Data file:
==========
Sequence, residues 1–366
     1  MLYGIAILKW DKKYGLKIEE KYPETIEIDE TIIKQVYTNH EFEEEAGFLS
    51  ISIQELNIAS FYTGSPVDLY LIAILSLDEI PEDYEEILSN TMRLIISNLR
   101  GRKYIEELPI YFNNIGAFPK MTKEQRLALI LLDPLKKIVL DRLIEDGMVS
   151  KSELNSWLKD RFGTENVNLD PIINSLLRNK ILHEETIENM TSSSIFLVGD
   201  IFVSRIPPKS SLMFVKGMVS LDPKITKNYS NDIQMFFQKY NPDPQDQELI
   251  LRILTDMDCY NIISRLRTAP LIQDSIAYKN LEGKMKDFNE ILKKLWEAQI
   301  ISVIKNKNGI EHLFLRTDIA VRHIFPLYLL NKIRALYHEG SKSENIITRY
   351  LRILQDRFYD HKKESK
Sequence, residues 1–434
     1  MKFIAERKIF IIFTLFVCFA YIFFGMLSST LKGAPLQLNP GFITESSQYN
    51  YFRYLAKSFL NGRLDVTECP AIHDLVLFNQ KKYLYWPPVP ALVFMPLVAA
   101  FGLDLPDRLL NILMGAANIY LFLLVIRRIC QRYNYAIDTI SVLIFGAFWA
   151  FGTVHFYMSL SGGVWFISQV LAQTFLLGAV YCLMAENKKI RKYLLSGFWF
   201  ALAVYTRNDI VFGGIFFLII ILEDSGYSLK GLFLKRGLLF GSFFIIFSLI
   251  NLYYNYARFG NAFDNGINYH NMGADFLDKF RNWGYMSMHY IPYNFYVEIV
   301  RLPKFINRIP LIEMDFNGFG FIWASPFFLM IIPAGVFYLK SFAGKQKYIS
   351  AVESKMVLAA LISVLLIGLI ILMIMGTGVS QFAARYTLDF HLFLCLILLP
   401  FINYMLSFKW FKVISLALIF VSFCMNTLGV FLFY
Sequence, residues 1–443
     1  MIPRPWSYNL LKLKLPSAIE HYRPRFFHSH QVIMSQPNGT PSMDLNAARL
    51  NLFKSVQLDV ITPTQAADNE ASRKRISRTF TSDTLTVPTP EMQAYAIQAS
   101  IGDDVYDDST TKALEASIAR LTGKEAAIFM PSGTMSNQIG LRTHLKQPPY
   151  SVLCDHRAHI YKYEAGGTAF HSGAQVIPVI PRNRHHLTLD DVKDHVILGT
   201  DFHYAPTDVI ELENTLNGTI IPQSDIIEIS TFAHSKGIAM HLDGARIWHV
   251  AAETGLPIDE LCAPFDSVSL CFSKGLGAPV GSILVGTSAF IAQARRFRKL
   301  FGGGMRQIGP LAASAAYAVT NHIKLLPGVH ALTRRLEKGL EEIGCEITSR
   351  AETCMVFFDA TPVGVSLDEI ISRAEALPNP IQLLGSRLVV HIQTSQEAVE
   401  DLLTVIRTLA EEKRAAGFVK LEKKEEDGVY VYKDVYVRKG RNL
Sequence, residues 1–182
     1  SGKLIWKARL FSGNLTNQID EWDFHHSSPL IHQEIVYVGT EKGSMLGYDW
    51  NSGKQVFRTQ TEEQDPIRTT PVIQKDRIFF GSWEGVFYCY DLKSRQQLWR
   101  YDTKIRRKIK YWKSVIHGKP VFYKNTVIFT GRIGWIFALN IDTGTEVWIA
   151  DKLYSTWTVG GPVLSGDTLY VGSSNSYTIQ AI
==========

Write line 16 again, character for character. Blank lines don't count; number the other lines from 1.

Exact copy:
   251  NLYYNYARFG NAFDNGINYH NMGADFLDKF RNWGYMSMHY IPYNFYVEIV